Tag Archives: Brian Cowen

Former Taoiseach Brian Cowen

Midlands 103FM report:

The former Taoiseach Brian Cowen is seriously ill this afternoon.

He was rushed to hospital last night with a suspected bleed on the brain and remains at the Beacon in South Dublin.

The 59-year-old was treated for fluid on a lung in April, having become unwell at a golf event.

Former Taoiseach seriously ill (Midlands 103FM)

Former Taoiseach Brian Cowen seriously ill in hospital (Offaly Express)


This afternoon.

At Cheltenham…

Irish Times journalist Simon Carswell tweetz:

Former Taoiseach Brian Cowen, property developer Mick Bailey and film director Jim Sheridan among [property developer Seán] Mulryan’s party for City Island’s win in the winners’ enclosure at #Cheltenham – ‘We had a few pound there, we had a few pound there,’ Cowen told me

Further to this…

Virgin Media One journalist Gavan Reilly tweetz:

The early 2000s called: they want their property-developers-meeting-government-ministers-at-race-meetings back.

Ballymore useless more like, amirite.


Croke Park.

Former taoisigh Bertie Ahern, John Bruton and Brian Cowen during the World Meeting of Families concert.


Leave them alone.

They were only obeying orders.

Pic; Hetty/Hulton


This afternoon.

The Dublin Wax Museum

The Mansion House, Dublin 2.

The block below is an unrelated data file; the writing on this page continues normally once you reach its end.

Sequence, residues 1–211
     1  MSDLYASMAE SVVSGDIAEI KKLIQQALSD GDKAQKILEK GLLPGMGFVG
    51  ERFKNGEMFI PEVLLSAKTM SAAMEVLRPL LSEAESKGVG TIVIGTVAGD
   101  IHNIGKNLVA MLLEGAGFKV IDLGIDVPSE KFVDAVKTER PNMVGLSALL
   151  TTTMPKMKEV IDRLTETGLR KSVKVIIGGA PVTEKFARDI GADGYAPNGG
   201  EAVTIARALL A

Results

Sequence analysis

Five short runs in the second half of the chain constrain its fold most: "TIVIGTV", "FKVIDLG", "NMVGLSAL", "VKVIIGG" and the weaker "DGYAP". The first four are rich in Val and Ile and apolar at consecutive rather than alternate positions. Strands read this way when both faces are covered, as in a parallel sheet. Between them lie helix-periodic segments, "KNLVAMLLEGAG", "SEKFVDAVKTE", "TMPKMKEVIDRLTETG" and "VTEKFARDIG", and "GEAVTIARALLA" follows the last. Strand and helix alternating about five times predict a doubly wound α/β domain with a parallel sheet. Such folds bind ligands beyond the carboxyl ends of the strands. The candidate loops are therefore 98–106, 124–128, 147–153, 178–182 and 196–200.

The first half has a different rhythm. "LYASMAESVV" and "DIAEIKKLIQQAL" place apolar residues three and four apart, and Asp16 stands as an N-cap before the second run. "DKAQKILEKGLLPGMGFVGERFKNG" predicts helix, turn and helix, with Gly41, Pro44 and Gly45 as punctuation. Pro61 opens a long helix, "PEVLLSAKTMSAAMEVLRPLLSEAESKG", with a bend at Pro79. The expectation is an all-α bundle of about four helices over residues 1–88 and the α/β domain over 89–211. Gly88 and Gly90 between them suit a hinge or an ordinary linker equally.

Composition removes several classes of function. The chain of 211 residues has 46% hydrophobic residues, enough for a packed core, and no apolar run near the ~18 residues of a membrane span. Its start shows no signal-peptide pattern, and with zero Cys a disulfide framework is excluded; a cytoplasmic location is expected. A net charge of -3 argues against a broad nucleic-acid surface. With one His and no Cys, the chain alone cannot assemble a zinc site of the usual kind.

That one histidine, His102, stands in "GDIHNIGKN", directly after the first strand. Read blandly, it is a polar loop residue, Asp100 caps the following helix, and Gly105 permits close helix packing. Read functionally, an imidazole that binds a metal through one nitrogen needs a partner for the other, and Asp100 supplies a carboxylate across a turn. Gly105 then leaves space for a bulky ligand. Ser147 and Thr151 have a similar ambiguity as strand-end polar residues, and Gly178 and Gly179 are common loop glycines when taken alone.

Former taoisigh Bertie Ahern and Brian Cowen at a conference covering the 20th anniversary of the Good Friday Agreement and its future under Brexit.

The half-day conference, compered by Olivia O’Leary, focused on the role the Northern Ireland peace settlement has so far played in the Brexit negotiations.

It’s not a caption competition unless you insist.

Any excuse


Saturday: That Seemed To Go Well


Former Taoiseach John Bruton (left) joins the chat.




This evening.

Dublin Castle, Dublin 2

The National University of Ireland conferred an honorary doctorate on former taoiseach Brian Cowen at a ceremony attended by his predecessor Bertie Ahern.

Dr Doom Mr Cowen served as taoiseach from May 2008 until November 2010 when the state entered the bailout.


Sam Boal/RollingNews

Screen Shot 2015-09-03 at 12.20.41


Watch the banking inquiry live here

Read Fintan Drury’s evidence in full here

Read Brian Cowen’s evidence as Taoiseach here and as Finance Minister here

Previously: ‘At No Point Was There Any Discussion Whatsoever About Anglo’

Screen Shot 2015-07-30 at 12.51.56

Former non-executive director at Anglo Irish Bank Fintan Drury arriving at the Banking Inquiry this morning

You’ may recall yesterday’s post containing the bulk of former CEO of Anglo Irish Bank David Drumm’s statement to the Banking Inquiry.

It came ahead of former non-executive director at Anglo Fintan Drury’s appearance at the inquiry this morning. Alan Dukes and Mike Aynsley are also scheduled to appear today before the inquiry takes a break for the summer.

In his statement, Mr Drumm claimed Mr Drury acted as an intermediary between Anglo Irish Bank and Brian Cowen.

Mr Drumm also claimed, “In April 2008 the Board of AIBC held a private dinner with Mr. Brian Cowen, TD, then the Minister for Finance and Taoiseach elect. I sat next to the Minister and it was the first opportunity I’d had to speak with him privately. We discussed the difficulties in the financial markets at that time” contradicting what Mr Cowen told the Banking Inquiry recently.

Mr Drury’s appearance was to begin at 9.30am this morning but it has been delayed.